• Queen

    What happened during the joint session has thrown into disarray the much harped unity of the Parliament. It will be foolish to demand miracles which have never happened even after 67 years.Recommend

  • Parvez

    That was a well thought out appeal…….but keep in mind that people change and then justify the change by blaming the world but not themselves.
    Our political class have been schooled to leave their self respect and their morals outside before entering parliament and that their survival depends on ‘ come what may we all stick together or else we’ll all sink together ‘……..that is what we are seeing unfold in the assembly and to expect Ch Nisar or Atizaz to behave otherwise is wishful thinking……..I seriously hope I’m wrong.Recommend

  • jan

    Great words, a truth which needs its destiny.Recommend

  • Saqib Choudhary

    One one side Mr Aitizaz Ahsan read Pablo Neruda’s poem in Parliament on other side He and his Party support rigging and injustice Recommend

  • naeem khan

    sour grapes PTI trolls parliament is still unitedRecommend

  • Hassan

    Unfortunately. The Pakistan Imran talks about is not good for any of our current politicians. Imran talks about a Pakistan whose institutes are strong and independent. In Imran’s Pakistan 99% of them will end up in jail or in one way or other they won’t be able to exploit weakness in the system for their own personal gains. Therefore we will never see any of them standing beside Imran Khan ever.Recommend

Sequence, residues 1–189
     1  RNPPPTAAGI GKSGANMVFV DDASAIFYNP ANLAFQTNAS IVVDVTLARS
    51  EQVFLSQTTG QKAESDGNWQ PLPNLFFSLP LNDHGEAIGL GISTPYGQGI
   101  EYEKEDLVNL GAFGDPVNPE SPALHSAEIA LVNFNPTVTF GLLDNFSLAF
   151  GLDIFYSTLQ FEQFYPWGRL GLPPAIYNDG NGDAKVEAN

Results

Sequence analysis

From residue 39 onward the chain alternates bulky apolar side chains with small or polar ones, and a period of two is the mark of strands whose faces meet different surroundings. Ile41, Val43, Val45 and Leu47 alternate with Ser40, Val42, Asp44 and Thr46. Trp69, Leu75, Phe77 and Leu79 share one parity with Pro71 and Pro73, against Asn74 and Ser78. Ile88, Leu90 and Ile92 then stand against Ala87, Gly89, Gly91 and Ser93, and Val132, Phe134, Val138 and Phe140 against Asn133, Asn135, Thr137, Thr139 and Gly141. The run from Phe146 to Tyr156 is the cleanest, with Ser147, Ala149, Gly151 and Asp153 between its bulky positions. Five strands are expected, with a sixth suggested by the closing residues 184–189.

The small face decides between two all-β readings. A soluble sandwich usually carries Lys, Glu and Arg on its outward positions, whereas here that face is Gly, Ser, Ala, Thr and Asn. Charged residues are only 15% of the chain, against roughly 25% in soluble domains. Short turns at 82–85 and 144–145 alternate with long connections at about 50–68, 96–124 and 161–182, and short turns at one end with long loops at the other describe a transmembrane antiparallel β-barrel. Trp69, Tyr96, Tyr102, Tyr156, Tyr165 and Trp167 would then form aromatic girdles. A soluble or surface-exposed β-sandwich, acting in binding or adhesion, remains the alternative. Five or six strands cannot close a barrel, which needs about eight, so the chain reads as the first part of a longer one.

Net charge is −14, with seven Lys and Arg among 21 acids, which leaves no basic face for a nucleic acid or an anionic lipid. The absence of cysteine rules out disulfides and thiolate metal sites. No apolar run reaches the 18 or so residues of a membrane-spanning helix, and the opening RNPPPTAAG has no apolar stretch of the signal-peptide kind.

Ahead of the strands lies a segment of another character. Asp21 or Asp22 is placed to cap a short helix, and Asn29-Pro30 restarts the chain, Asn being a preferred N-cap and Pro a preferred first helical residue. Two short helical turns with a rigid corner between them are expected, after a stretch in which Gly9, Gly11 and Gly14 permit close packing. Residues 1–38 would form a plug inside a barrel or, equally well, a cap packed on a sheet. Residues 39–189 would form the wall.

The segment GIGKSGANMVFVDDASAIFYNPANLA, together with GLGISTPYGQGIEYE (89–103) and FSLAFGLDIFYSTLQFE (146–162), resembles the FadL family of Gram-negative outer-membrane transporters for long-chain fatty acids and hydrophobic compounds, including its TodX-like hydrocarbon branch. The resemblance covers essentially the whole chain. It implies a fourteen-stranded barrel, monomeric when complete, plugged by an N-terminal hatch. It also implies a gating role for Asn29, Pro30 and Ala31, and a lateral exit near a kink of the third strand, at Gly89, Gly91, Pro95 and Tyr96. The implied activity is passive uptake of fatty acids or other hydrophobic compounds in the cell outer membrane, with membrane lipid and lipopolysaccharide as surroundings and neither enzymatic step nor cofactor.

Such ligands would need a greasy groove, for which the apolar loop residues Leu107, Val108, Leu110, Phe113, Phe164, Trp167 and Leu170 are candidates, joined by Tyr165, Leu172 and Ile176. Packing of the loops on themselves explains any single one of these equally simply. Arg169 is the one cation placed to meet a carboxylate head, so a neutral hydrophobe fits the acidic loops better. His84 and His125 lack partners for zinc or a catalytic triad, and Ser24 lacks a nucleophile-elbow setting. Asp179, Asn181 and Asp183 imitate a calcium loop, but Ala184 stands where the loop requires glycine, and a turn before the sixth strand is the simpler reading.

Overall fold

• Saad Ahmed Bhatti

    Instead of jumping to a conslition about such a person wouldn’t it be wise to let this article reach him and wait for him to reply so a better conclusion can be drawn after his reply? Politics in our country and very dirty business and fingers are pointed very easily and characters and loyalties are very easy to question. The moment someone does or says something against our perception of right or doesn’t side with our political views we start questioning their core and bases. Recommend

  • IbnZiyad

    Among all the biased articles I have read regarding the current political situation in Pakistan, this piece is like fresh air. Exellent.

    Hope to read more from you.Recommend

  • Nzaar

    In Pakistan, the middle class owns motorbikes or travels in buses and is the audience in Amir liaquat shows. Their children go third tier private and/or govt schools and don’t have exposure to good written English.Recommend

  • koshur_batta

    lol, why do we constantly have these blogs by pakistani’s saying “I used to believe in you”. Are the people of pakistan so gullible?Recommend

  • Ali Khan

    this about Cases in court against Ziradri and other PPP members, he is just playng a good soldier. What other choice does he have? Recommend

  • munib

    Another emotional stunt . . . . nothing concrete, just venting out anger and frustration , doing too much generalization . . . self cooked assumptions, reliance on media propaganda instead of any concrete PROOF.

    he first does some buttering and then starts the attack :

    [ . . by standing explicitly in favour of a government . . ]
    sostarts with a blatant lie to begin with.
    Aitzaz and PPP had mentioned it clearly they are with the DEMOCRACY not PMLN . . and have even given a good stick on Model town and other things so how come it became “explicit” ?Recommend

  • Afia